We propose a novel automatic method based on unsupervised and supervised deep learning. We utilize Restricted Boltzmann Machines (RBMs) to jointly characterise the lesion and blood flow information through a two-pathway architecture, trained with two subsets of standard parametric MRI maps. One subset encompasses the Time-To-Peak (TTP), Mean Transit Time (MTT), Time-to-Maximum (Tmax), and Apparent Diffusion Coefficient (ADC). The second set contains the ADC, the relative Cerebral Blood Volume (rCBV), and the relative Cerebral Blood Flow (rCBF). In a second stage, the feature maps computed by the RBMs are combined with the standard parametric MRI maps to form the input of a supervised deep learning architecture composed by Convolutional Neural Networks (CNNs) and Recurrent Neural Networks (RNNs). The proposed architecture was evaluated using the publicly-available ISLES 2017 dataset.

1.1 On the complexity of predicting the final infarct stroke lesion

In acute ischaemic stroke, the clinical evaluation of the standard parametric maps (e.g. ADC and Tmax) can identify infarct tissue and tissue that will infarct in the absence of therapeutic intervention. In this analysis, the infarct tissue, is identified by the hypointense regions of the ADC map, which characterize tissue with limited diffusion (Butcher and Emery, 2010a). Hypoperfused tissue, i.e. tissue that will infarct, is identified by hyperintense regions of the Tmax map, indicating an increased arrival time of contrast agent (Butcher and Emery, 2010b). However, to correctly predict the final ischaemic stroke lesion, besides considering the complex time-evolving transformation of hypoperfused tissue to infarcted tissue, it is also necessary to appraise the impact of the clinical intervention, thrombectomy, on the underlying brain perfusion and diffusion.

A successful thrombectomy should restore the perfusion levels, recovering the hypoperfused tissue. However, several factors may affect the reperfusion, limiting the degree of success of the intervention. To better understand the nuances of the clinical intervention, consider the cases presented in Figure 1. In the first case, Figure 0(a), the ADC does not present any hypointense region, so no infarct tissue may be identified, and we should expect a complete recovery of the hypoperfused tissue indicated by Tmax; however, the follow-up delineation obtained after thrombectomy presents a large final lesion, which is explained by an unsuccessful intervention. In the second case, Figure 0(b), we observe a final infarct lesion that is smaller than the hypointense region present in the ADC (Figure 0(b) arrow). This indicates reversible diffusion restriction, which is a rare case (Labeyrie et al., 2012) and was only possible to identify by a follow-up T2-weighted acquisition. So, an automatic method for predicting the final stroke lesion has not only to capture the time-evolving process of diffusion and perfusion, but also to consider directly or indirectly the degree of success of the thrombectomy, which may condition the final lesion either to be confined to the hypointense region of the ADC map, or to grow to brain tissue areas that are hyperintense in the Tmax. Due to the time-evolving process of diffusion and perfusion, the complexity of predicting the lesion will aggravate as we move from a target window of some days to several months.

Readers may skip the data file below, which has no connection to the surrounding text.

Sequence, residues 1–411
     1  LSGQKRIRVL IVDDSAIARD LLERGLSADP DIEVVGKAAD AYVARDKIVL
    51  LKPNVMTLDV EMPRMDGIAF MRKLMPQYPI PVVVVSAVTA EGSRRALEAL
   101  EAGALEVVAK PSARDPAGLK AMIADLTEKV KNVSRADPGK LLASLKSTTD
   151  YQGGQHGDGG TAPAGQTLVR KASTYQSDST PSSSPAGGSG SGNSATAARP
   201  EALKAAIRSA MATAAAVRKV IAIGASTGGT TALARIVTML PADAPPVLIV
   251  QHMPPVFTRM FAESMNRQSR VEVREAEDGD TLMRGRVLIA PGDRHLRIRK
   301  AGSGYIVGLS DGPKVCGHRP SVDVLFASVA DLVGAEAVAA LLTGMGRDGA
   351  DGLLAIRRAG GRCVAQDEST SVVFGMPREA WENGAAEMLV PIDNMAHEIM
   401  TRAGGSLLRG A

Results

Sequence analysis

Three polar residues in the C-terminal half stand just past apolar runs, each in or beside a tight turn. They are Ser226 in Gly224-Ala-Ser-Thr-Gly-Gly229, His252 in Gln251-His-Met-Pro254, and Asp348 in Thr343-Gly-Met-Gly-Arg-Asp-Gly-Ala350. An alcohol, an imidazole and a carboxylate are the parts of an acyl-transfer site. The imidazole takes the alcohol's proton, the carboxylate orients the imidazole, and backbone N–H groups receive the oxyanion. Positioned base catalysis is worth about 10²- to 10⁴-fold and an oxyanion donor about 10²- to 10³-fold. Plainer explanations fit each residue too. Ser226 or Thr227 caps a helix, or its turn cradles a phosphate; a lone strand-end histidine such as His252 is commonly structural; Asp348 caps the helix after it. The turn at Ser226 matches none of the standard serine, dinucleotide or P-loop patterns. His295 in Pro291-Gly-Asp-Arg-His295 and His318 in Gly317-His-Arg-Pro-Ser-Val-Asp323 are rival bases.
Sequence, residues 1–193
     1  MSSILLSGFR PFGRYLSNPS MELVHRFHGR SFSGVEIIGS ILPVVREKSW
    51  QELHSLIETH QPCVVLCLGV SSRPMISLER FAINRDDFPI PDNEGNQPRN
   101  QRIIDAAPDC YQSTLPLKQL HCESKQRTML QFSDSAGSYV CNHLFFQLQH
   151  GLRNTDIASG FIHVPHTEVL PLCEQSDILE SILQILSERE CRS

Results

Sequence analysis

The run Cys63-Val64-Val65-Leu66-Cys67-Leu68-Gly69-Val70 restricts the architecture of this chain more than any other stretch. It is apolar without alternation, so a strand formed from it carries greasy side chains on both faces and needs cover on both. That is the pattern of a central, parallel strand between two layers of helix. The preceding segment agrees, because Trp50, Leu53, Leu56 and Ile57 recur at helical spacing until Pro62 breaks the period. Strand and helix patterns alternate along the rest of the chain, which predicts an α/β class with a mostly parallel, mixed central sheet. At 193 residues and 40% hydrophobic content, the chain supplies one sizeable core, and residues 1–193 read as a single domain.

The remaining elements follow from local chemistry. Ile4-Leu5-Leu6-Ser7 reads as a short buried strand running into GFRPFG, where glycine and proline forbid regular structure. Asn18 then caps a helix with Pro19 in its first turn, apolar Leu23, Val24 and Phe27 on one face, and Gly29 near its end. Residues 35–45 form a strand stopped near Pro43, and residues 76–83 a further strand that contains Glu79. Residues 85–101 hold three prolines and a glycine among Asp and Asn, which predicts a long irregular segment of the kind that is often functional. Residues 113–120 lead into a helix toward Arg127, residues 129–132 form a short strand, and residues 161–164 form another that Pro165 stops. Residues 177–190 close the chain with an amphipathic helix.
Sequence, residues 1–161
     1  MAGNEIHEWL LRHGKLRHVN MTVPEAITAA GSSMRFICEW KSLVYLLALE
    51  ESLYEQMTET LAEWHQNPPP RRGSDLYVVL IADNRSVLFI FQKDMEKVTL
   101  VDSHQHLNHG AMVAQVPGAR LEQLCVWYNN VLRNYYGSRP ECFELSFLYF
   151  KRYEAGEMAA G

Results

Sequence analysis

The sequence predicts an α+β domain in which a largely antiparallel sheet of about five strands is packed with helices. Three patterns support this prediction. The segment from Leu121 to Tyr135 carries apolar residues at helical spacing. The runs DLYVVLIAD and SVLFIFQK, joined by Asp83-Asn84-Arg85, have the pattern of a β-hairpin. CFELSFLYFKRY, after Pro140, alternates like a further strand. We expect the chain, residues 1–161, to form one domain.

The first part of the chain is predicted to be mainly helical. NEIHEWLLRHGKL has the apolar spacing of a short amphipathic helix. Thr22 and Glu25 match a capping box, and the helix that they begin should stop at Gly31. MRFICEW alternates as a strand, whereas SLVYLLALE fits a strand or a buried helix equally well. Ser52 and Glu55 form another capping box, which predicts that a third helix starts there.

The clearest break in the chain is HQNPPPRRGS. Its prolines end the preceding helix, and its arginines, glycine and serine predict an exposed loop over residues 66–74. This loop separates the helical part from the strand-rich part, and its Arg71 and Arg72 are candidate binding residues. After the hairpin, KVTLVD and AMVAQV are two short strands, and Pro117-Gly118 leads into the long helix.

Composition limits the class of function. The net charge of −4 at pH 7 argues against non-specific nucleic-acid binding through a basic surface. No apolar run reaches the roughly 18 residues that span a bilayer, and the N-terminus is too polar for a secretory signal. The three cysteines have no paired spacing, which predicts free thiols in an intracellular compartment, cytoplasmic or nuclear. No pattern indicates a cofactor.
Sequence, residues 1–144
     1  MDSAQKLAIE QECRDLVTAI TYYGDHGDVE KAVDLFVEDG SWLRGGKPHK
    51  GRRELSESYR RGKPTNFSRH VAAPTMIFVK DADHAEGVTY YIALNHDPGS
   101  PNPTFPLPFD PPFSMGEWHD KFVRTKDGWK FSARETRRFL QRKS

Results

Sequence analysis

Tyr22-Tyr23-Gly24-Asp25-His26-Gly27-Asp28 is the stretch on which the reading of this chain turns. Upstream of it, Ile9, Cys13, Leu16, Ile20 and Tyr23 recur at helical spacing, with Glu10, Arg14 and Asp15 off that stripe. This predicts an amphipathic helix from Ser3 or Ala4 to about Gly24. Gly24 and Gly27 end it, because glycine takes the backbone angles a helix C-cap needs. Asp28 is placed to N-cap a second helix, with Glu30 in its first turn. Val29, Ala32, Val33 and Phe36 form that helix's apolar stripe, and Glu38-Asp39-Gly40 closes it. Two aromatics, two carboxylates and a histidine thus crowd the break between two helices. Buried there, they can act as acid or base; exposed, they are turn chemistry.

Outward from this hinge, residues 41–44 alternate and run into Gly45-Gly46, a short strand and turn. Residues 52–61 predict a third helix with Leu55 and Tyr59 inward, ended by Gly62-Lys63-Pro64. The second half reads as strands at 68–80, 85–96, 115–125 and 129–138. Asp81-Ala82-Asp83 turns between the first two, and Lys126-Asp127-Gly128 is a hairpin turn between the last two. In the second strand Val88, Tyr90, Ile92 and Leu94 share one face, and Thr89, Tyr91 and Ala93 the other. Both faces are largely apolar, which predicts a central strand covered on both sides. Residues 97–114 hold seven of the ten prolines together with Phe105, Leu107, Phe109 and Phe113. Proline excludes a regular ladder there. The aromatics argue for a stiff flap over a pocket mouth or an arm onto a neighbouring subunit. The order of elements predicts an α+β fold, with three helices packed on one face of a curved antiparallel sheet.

The complexity of the evaluation process may be also observed in the inter-rater agreement of expert radiologists in ISLES 2017 dataset, which obtained a Dice score of on delineating the lesion using a 90-day follow-up T2-weighted acquisition (Winzeck et al., 2018).

1.2 Previous Work

Contrary to stroke lesion segmentation, where several methods have already been proposed (Rekik et al., 2012; Maier et al., 2017)

, the complexity of predicting the final stroke lesion has only recently attracted attention in the medical imaging community. For predicting the final stroke lesion several methods have been already proposed based on multivariate linear regression models

(Scalzo et al., 2012; Rose et al., 2001; Kemmling et al., 2015)

, decision trees

(McKinley et al., 2017; Bauer et al., 2014), and CNNs (Choi et al., 2016). Furthermore, with the release of Ischaemic Stroke LEsion Segmentation (ISLES) Challenge in 2016 and 2017, new methods have been proposed. These aim to predict at a 90-day time-window.

Rose et al. (2001)

proposed a two-stage method based on parametric perfusion and diffusion MRI maps. On the first stage, the method defines a region of interest (ROI) based on the intensity signal of the standard parametric maps, the MTT, Cerebral Blood Flow (CBF), Cerebral Blood Volume (CBV), and Diffusion-Weighted Imaging (DWI). The second stage performs stroke tissue prediction using Gaussian mixture models trained in different sets of parametric maps.

Bauer et al. (2014)

used Random Forests to segment or predict the final stroke lesion depending on whether acute stroke imaging or three-month follow-up imaging was available, respectively.

McKinley et al. (2017) also used a two-stage classification approach as in Rose et al. (2001)

for lesion characterisation and lesion prediction, where each stage consists of two sets of Random Forests (RFs) classifiers. The first stage aims to define a ROI that encompasses the hypoperfused region. In the first set, each classifier is trained with features extracted from different sets of MRI parametric maps. Having defined the location and extension of the lesion, a second set of two RFs performs stroke tissue prediction. Such classifiers were trained on different sets of patients, stratified by the TICI score. One classifier is trained in patients with unsuccessful reperfusion interventions, whereas a second classifier is trained in patients with successful reperfusion. The final prediction is obtained by combining the results of both classifiers, using a logistic regression model.